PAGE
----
Not coincidentally, Hannett and Slatter have combined on Aurealis Award-winning short story “The February Dragon” and, most significantly for this collection, “Prohibition Blues”, both published in Ticonderoga titles.

So we have publisher, artist and writers, and what a winning combination it proves to be.

As in Bluegrass and Sourdough, Midnight and Moonshine is a set of stories sharing a common universe, and as with Sourdough, there is a degree of baton passing from characters throughout. Midnight and Moonshine ramps up this interconnectedness, tracing as it does magical bloodlines from a mythic inception across the 13 stories into the present day. Overshadowing this mosaic is the winged form of goddess Mymnir, whose ambition sets up the journey from self-aggrandising nation building to the ultimate twilight of the gods. And what a fascinating figure she is, both divine and all too human. Read the rest of this entry »

Trent Jamieson

The Nightbound Land book 2

Angry Robot (2012)

ISBN 978 0 85766 187 6

Reviewed by Jason Nahrung

This is the second, concluding title, of the story that began with Roil. And what an intriguing read The Nightbound Land duology has been.

Thing is, from the first few chapters of Roil, we know what’s going to happen at the end. You can’t have those excerpts from various histories and memoirs of the unfolding action without someone surviving, can you? And this is the key to the books’ tension: who survives, and how? And what shape is the world in when the dust settles?

Jamieson’s hero is David, drug-addicted and now somewhat possessed by the spirit of an immortal, on a mission to save the world from the Roil: an all-consuming wave of darkness inhabited by wonderfully fantastical creatures including a version of zombie. Elsewhere there are analogues of vampires and dire wolves, romping through a landscape of steampunk technology enhanced with the likes of organic and jet-powered aircraft. It’s a fascinating and well-drawn world, and in this second volume the truth of its creation is revealed – I wasn’t carried away by the deeper cyclical nature of it all, but the promise of being able to break the cycle adds interest to the final denouement.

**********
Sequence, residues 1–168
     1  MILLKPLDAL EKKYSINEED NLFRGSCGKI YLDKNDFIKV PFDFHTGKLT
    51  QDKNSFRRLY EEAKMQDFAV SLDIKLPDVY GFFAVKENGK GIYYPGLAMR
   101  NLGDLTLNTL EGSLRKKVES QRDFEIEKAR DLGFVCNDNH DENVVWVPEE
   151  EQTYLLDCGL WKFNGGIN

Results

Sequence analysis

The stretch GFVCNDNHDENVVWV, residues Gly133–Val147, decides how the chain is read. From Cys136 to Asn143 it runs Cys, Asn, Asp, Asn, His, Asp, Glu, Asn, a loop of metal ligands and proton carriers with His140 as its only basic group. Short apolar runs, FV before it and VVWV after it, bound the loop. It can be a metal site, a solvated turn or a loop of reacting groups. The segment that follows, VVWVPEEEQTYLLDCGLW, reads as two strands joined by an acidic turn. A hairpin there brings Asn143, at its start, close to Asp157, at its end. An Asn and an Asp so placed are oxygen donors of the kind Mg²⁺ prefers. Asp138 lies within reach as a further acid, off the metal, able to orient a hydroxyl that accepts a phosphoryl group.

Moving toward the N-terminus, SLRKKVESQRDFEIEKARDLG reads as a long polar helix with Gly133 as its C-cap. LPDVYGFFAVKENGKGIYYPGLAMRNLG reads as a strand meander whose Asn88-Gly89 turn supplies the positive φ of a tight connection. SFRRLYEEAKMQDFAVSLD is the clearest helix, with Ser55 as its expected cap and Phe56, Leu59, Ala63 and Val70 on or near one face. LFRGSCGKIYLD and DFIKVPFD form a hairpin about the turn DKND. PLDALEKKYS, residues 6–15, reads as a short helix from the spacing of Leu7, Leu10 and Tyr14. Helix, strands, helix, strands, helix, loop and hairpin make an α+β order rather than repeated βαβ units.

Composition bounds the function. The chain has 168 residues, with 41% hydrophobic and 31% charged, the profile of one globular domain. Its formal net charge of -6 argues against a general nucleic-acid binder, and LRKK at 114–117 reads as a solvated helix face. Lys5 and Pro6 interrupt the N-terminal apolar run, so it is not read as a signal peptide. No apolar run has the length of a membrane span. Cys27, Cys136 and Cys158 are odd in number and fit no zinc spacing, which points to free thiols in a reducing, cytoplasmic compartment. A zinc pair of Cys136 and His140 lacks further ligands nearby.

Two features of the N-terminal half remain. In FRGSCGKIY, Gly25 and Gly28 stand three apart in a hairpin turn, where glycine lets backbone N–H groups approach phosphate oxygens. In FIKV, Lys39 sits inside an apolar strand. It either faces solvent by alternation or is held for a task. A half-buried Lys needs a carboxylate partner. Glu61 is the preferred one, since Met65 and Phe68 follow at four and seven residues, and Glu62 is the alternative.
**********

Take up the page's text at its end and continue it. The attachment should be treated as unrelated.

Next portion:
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Justine Larbalestier and Sarah Rees Brennan

Allen & Unwin (2012)

ISBN: 978 174237 839 8

Reviewed by Jason Nahrung

I read this 350-page book in a little over two days – it’s a hoot. The authors have taken the premise that’s popular of late – a vampire in a high school – and made it palatable. Reasonable. Understandable.

I love the simplicity and sensibility of Team Human’s world, where vampires are a part of life though removed from it, as befits people – they’re definitely people – who do not age, do not eat and do not laugh. Vampirism is regulated, and becoming one carries the risk of death or being left a zombie if the transition fails.

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Venero Armanno

UQP (2012)

ISBN: 978 0 7022 3915 1

Reviewed by Jason Nahrung

Brisbane writer and academic Venero Armanno returns to his family’s roots in Sicily again for his latest novel, Black Mountain. Armanno, who won the now defunct Queensland Premier’s Literary Award in 2002 with The Volcano, describes his latest as speculative fiction, and rightly so, though the speculative elements are a slow build.

Black Mountain opens with Mark, living an isolated life on the coast, more in love with books than people, who is set on a short detective trail when he finds out a creature from his dreams has also appeared in a novel published many years before. This leads him to Cesare Montenero, a Sicilian writer whose story takes up the bulk of Black Mountain, told as a biography. Cesare started his life as a child labourer in brutal sulphur mines before escaping and being raised in a far more genteel manner by Don Domenico Amati.